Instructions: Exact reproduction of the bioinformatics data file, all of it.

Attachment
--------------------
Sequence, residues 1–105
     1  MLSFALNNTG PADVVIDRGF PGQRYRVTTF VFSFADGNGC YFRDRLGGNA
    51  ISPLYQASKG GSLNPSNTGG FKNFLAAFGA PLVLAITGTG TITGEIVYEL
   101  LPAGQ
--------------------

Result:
Sequence, residues 1–105
     1  MLSFALNNTG PADVVIDRGF PGQRYRVTTF VFSFADGNGC YFRDRLGGNA
    51  ISPLYQASKG GSLNPSNTGG FKNFLAAFGA PLVLAITGTG TITGEIVYEL
   101  LPAGQ